If imitation really is the most sincere form of flattery, then Lockout is falling all over itself to compliment some well-known sci-fi and action films that came before it. Unfortunately, all that flattery is likely to fall on deaf ears, as Lockout ultimately amounts to a series of bad imitations of good films.
Written and directed by relative newcomers James Mather and Stephen St. Leger, Lockout tells the story of a fast-talking government agent named Snow (Guy Pearce) who’s framed for killing a fellow agent. When the President’s daughter (Maggie Grace) is taken hostage while visiting a high-tech prison in space, Snow is tasked with rescuing her in exchange for his freedom.
If the plot sounds similar to John Carpenter’s Escape From New York, it should — because that’s just one of the many films it cribs from to create a stitched-together adventure through the last few decades of sci-fi and action-movie cliches. It’s important to note early on that Lockout is the sort of movie that genre fans like myself absolutely want to like. From the outside, it has all the makings of a futuristic thrill ride — from the presence of producer and co-writer Luc Besson (The Fifth Element, Leon: The Professional) to the simplicity of its premise, which seems to say, “Hey, we know this sounds silly, but c’mon — it’s a bad-ass secret agent infiltrating a space prison! It must be awesome!”
And still, even if you want to like Lockout, it makes it so very hard to do so, thanks to one poor decision after another by the film’s team and the cast of characters they’ve imported.
For example, protagonist Snow is a thinly veiled mash-up of Escape From New York antihero Snake Plissken and Die Hard everyman John McClane, with the former’s faux-indifference to the people around him and the latter’s affinity for cracking jokes in the face of overwhelming odds. What seems like a good combination at first is taken too far, however, and by the second act you find yourself wishing Pearce’s character would take things a little more seriously and please, just make him shut up.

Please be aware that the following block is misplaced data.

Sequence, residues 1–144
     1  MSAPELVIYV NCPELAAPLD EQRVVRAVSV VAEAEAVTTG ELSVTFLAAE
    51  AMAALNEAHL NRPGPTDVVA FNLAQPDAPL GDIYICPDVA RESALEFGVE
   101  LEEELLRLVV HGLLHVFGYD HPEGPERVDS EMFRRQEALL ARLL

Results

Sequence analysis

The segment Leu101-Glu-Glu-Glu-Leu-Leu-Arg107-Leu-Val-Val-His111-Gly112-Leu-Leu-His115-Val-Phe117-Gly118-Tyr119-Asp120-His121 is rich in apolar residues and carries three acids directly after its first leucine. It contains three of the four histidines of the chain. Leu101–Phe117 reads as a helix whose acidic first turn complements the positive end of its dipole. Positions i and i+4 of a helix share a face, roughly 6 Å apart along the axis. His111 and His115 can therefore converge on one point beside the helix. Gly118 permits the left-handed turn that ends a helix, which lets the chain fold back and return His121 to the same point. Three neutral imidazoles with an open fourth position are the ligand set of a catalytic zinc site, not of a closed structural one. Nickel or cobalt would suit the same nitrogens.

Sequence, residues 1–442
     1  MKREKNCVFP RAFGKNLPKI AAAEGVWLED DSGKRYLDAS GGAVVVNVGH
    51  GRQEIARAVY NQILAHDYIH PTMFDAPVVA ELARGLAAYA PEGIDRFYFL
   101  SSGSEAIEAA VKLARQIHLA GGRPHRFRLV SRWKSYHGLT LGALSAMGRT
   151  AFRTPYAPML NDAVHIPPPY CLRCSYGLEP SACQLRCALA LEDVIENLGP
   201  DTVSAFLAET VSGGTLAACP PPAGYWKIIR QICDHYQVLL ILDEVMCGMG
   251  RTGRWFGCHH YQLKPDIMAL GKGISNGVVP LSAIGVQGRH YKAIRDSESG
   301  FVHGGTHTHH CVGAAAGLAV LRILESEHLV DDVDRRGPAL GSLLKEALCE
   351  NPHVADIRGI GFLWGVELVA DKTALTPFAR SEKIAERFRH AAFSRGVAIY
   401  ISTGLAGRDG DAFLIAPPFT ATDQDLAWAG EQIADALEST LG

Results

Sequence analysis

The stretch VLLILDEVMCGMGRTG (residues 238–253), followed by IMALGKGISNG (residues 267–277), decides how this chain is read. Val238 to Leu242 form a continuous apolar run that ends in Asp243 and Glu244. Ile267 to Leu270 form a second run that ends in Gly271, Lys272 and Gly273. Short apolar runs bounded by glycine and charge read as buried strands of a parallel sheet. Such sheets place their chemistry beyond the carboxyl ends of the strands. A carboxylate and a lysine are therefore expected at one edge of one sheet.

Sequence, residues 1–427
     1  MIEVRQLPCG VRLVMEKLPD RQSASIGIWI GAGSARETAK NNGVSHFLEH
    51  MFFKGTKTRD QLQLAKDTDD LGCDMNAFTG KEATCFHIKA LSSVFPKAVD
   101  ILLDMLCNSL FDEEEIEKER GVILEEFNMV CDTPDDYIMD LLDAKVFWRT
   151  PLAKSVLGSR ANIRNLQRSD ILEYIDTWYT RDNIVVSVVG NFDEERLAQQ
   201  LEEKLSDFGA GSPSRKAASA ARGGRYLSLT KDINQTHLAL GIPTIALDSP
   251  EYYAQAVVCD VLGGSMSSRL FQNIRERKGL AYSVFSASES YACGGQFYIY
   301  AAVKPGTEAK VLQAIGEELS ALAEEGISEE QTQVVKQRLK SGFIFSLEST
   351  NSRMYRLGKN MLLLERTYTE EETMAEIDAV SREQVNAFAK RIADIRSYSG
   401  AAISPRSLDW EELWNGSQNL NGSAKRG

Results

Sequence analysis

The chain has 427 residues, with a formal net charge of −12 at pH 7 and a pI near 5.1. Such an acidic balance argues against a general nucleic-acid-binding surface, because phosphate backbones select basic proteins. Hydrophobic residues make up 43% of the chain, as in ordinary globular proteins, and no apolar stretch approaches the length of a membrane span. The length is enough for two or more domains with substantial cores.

There’s also very little logic in the world of Lockout, even by traditional sci-fi standards. Fans of fantasy and science fiction are often expected to suspend disbelief in order to appreciate the greater story being told, but Lockout regularly positions itself in a world where even common sense and basic physics are sacrificed in favor of spectacle.
One particular plot point has the prison station plummeting toward the Eastern Seaboard after the on-board scientist in charge of keeping it in orbit is executed by the escaped inmates. The audience is expected to believe that no one had ever accounted for the unexpected absence of the one (and apparently, only) person trained to prevent the station from dropping out of orbit and becoming a crowded, fiery, billion-dollar meteor on a collision course with Earth.
Still, if that was the only element of the film that played fast and loose with its audience’s willingness to be carried along, there would still be hope for Lockout. That’s not the case, though, and the film offers up one wildly implausible scenario after another, including one particular scene in which a character skydives from the upper atmosphere only to lightly touch down on the planet’s surface with all the momentum of a feather dropped from a first-floor window.
Clearly, in the Lockout universe, physics are more of an option than a necessity.
And while the list of sci-fi and action movies that Lockout cribs from is far longer than just Escape From New York and Die Hard, its rampant “flattery” of well-known films could actually work to its benefit. If nothing else, the film offers a fun “What’s that scene from?” game that can be played right up until the closing credits. (Keep an eye out for the sequence in which a squadron of spaceships has to navigate the prison’s external defenses in order to deposit a bomb in a narrow cavern that runs across the hull.)
Between its sketchy logic and compulsive sampling, Lockout never quite manages to find its footing, and falls short of its potential for simple, sci-fi adventure. Too caught up in what it’s trying to ape, the film lacks any identity of its own, and ends up being a caricature of its genre — and a poor caricature at best.
What do you think of our Lockout review? Did we miss something? Let us know in the comments below.
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